Juices and Beverages ‘Producing’ Big Results

Mamma Chia BottlesPhoto Courtesy of Mamma Chia

Rapid growth calls for teamwork between retail and producers.

True Organic

Photo Courtesy of Grimmway Farms

Much like the yogurt shelves in the dairy department, the juice and beverage section of the produce department offers an increasingly dizzying assortment of products to choose from. Gone are the relatively simple displays of freshly squeezed orange juice and lemonade. In their place is a rainbow of fruit juices, fruit/vegetable blends, smoothies, protein drinks, and functional beverages promising health benefits. While a shakeout may be inevitable — Del Monte Fresh Produce withdrew from the juice market — it behooves produce executives and buyers to work closely with distributors who can help them assemble the optimal product mix.

Pressed‭, ‬Pressurized‭ Processing Prevail‭ ‬

Growth in the juice case reflects several trends. Cold-pressed has become synonymous with quality in the eyes of the consumer. Saratoga Juice Bar, a Saratoga, NY, storefront dedicated to the town’s health and wellness tradition, began bottling its premium-priced, cold-pressed fruit/vegetable blends for distribution to retailers in 2015. Bolthouse Farms also entered the category last year with its organic, cold-pressed 1915 brand, joining a shelf crowded with cold-pressed pioneers such as Suja, BluePrint, and others. Cold-pressed typically command a price premium.

Heritage juice brands are quick to point out that cold-pressing is not new or exclusive. Red Jacket Orchards, based in Geneva, NY, “set the standard in cold-press, as we’ve been doing it since 1958,” notes marketing director Kelli Foster. “It’s how we extract juice from a fruit or vegetable.”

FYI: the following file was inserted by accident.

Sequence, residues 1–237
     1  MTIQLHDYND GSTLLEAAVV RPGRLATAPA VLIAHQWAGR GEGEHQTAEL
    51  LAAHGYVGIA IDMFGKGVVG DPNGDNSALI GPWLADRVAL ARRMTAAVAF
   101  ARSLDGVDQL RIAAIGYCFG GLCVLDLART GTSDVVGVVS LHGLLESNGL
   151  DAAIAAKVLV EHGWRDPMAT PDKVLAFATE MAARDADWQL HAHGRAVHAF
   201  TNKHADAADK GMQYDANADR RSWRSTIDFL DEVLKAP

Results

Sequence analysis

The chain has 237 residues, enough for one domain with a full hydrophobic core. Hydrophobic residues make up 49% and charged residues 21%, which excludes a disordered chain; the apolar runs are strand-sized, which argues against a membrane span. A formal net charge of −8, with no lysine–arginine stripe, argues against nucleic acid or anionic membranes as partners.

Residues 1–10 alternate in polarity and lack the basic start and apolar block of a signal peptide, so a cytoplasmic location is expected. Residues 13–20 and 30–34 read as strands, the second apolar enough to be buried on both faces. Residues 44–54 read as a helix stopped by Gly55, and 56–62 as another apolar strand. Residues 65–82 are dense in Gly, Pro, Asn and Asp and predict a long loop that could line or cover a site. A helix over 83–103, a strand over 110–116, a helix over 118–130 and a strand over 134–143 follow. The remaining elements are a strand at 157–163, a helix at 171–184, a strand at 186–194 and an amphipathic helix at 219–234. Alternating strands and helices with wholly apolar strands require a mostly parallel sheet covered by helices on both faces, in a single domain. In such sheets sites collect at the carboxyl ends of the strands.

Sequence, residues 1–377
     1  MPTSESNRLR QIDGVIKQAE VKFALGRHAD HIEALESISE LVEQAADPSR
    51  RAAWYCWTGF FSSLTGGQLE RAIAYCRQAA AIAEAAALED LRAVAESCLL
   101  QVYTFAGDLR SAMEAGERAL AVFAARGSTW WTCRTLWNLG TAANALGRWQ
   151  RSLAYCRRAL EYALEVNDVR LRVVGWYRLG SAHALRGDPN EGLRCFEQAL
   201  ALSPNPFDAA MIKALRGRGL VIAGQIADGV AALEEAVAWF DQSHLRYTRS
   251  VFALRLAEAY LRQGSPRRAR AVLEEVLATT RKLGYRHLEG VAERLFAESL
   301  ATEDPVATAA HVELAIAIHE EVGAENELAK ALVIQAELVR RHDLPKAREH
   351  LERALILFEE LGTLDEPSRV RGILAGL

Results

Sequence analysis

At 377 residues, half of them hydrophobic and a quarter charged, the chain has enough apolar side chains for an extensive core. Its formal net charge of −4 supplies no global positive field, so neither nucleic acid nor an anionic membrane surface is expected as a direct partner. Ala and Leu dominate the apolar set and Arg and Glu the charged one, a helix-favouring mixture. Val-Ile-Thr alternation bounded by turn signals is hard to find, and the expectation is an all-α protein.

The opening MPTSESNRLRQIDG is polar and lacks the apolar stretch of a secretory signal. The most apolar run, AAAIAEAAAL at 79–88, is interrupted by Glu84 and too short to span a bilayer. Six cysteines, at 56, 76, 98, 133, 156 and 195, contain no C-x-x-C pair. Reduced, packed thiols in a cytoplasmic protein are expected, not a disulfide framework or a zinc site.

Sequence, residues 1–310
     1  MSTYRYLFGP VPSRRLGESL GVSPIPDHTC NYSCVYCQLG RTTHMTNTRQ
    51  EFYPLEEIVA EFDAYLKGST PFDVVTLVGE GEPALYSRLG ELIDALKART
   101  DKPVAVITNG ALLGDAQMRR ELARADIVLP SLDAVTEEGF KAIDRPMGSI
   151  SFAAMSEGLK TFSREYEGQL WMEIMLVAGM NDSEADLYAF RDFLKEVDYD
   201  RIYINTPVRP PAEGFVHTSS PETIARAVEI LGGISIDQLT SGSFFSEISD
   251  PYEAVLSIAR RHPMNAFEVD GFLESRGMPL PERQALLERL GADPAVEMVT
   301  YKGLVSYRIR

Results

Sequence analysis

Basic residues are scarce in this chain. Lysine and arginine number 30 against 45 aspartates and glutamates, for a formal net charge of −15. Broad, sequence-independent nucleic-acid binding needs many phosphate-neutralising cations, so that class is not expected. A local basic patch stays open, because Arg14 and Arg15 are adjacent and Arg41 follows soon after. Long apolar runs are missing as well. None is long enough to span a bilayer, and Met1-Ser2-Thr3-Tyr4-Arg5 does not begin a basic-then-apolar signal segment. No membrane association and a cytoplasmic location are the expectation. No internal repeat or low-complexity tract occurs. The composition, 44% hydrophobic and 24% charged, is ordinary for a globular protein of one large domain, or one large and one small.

“Technically, every juice is cold-pressed,” says Bob Rovzar, chief executive, Perricone Juices, Beaumont, CA. “It’s a bit of a marketing term. Extractors press the fruit or vegetable and chill immediately.”

High pressure processing (HPP) is touted as superior to traditional flash-pasteurization for preserving flavor, color, and nutrition without heat. It allows manufacturers to incorporate a wider variety of fruits and vegetables into beverage products and increases shelf-life compared to freshly squeezed juices.

Good For You And Flavor‭

Stop and Shop Selection

Photo Courtesy of Mindy Hermann

Health continues to grow as a trend in the juice category. Bolthouse Farms, for example, is establishing itself as a leader in protein beverages, with three protein products under its 1915 Bolthouse Farms banner and seven Protein Plus SKUs. Carlsbad, CA-based Mamma Chia offers Chia Energy and Chia & Greens lines, touted for its high content of fiber and nutrients from greens.

Watermelon juice is a relative newcomer. “We focus on the health and hydration benefits of watermelon,” explains Hilary Martin Long, head of business development, Tsamma Juice, Keenes, IL. “We see Tsamma watermelon juice as the next coconut water.”